• ALT+TAB (Switch between the open items)
  • ALT+ESC (Cycle through items in the order that they had been opened)
  • F6 key (Cycle through the screen elements in a window or on the desktop)
  • F4 key (Display the Address bar list in My Computer or Windows Explorer)
  • SHIFT+F10 (Display the shortcut menu for the selected item)
  • ALT+SPACEBAR (Display the System menu for the active window)
  • CTRL+ESC (Display the Start menu)
  • ALT+Underlined letter in a menu name (Display the corresponding menu)
  • Underlined letter in a command name on an open menu (Perform the corresponding command)
  • F10 key (Activate the menu bar in the active program)
  • RIGHT ARROW (Open the next menu to the right, or open a submenu)
  • LEFT ARROW (Open the next menu to the left, or close a submenu)
  • F5 key (Update the active window)
  • BACKSPACE (View the folder one level up in My Computer or Windows Explorer)
  • ESC (Cancel the current task)
  • SHIFT when you insert a CD-ROM into the CD-ROM drive (Prevent the CD-ROM from automatically playing)
  • CTRL+SHIFT+ESC (Open Task Manager)
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Dialog box keyboard shortcuts

If you press SHIFT+F8 in extended selection list boxes, you enable extended selection mode. In this mode, you can use an arrow key to move a cursor without changing the selection. You can press CTRL+SPACEBAR or SHIFT+SPACEBAR to adjust the selection. To cancel extended selection mode, press SHIFT+F8 again. Extended selection mode cancels itself when you move the focus to another control.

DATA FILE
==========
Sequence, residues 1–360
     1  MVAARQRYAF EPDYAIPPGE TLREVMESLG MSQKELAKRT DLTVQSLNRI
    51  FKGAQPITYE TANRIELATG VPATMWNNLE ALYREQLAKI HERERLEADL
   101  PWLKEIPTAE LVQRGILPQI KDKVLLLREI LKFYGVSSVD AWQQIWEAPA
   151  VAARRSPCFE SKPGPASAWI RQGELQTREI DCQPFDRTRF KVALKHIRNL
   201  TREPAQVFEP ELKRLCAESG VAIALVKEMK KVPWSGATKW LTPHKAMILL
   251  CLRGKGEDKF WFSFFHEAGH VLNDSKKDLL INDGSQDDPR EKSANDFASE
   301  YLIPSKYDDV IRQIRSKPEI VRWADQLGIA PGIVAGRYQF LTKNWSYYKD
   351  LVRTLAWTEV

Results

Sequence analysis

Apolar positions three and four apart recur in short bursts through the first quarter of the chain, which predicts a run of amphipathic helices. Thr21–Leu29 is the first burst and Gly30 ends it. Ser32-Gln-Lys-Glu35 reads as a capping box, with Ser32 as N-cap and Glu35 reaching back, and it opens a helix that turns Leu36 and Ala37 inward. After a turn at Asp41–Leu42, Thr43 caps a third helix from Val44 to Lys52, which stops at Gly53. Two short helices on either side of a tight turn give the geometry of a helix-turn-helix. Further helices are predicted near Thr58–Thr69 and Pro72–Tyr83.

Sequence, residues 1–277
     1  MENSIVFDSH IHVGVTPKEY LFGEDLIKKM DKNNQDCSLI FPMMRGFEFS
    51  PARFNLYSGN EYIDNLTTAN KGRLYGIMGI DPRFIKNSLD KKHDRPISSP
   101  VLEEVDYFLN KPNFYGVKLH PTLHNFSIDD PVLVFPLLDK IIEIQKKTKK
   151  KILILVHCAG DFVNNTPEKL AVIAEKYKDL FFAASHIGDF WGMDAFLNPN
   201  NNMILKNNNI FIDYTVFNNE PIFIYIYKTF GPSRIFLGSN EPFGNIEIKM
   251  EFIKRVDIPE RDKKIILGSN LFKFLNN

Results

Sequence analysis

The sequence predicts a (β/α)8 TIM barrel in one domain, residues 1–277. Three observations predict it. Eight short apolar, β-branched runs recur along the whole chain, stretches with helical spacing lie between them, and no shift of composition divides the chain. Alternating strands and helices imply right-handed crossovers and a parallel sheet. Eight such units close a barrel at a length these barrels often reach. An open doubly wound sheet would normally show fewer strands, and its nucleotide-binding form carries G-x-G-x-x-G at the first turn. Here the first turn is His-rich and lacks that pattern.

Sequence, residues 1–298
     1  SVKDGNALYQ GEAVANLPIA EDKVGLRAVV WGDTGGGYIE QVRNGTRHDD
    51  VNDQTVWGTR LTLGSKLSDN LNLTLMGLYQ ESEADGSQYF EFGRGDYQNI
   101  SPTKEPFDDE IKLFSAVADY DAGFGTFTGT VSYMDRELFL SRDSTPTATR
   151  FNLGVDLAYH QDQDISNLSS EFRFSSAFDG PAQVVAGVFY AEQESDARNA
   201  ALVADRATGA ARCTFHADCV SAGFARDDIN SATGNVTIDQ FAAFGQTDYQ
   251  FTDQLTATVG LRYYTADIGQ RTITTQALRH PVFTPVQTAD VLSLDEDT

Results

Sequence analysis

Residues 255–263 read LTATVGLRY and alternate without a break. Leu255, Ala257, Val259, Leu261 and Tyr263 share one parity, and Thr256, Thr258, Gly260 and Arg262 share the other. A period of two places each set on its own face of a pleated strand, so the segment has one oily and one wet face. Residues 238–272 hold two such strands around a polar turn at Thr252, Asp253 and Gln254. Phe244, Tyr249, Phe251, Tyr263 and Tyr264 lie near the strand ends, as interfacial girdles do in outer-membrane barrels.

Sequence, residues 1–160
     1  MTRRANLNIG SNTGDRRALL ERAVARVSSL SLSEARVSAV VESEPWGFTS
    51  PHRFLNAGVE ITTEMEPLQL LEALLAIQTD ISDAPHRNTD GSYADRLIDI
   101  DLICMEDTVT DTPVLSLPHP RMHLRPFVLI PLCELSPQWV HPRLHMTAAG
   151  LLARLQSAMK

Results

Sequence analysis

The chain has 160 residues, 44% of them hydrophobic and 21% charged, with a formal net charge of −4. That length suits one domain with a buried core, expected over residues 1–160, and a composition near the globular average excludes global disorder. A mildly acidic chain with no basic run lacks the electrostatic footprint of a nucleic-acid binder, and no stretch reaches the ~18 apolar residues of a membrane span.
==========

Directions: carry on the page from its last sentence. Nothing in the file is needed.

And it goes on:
• CTRL+TAB (Move forward through the tabs)
  • CTRL+SHIFT+TAB (Move backward through the tabs)
  • TAB (Move forward through the options)
  • SHIFT+TAB (Move backward through the options)
  • ALT+Underlined letter (Perform the corresponding command or select the corresponding option)
  • ENTER (Perform the command for the active option or button)
  • SPACEBAR (Select or clear the check box if the active option is a check box)
  • Arrow keys (Select a button if the active option is a group of option buttons)
  • F1 key (Display Help)
  • F4 key (Display the items in the active list)
  • BACKSPACE (Open a folder one level up if a folder is selected in the Save As or Open dialog box)
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Microsoft natural keyboard shortcuts

  • Windows Logo (Display or hide the Start menu)
  • Windows Logo+BREAK (Display the System Properties dialog box)
  • Windows Logo+D (Display the desktop)
  • Windows Logo+M (Minimize all of the windows)
  • Windows Logo+SHIFT+M (Restore the minimized windows)
  • Windows Logo+E (Open My Computer)
  • Windows Logo+F (Search for a file or a folder)
  • CTRL+Windows Logo+F (Search for computers)
  • Windows Logo+F1 (Display Windows Help)
  • Windows Logo+ L (Lock the keyboard)
  • Windows Logo+R (Open the Run dialog box)
  • Windows Logo+U (Open Utility Manager)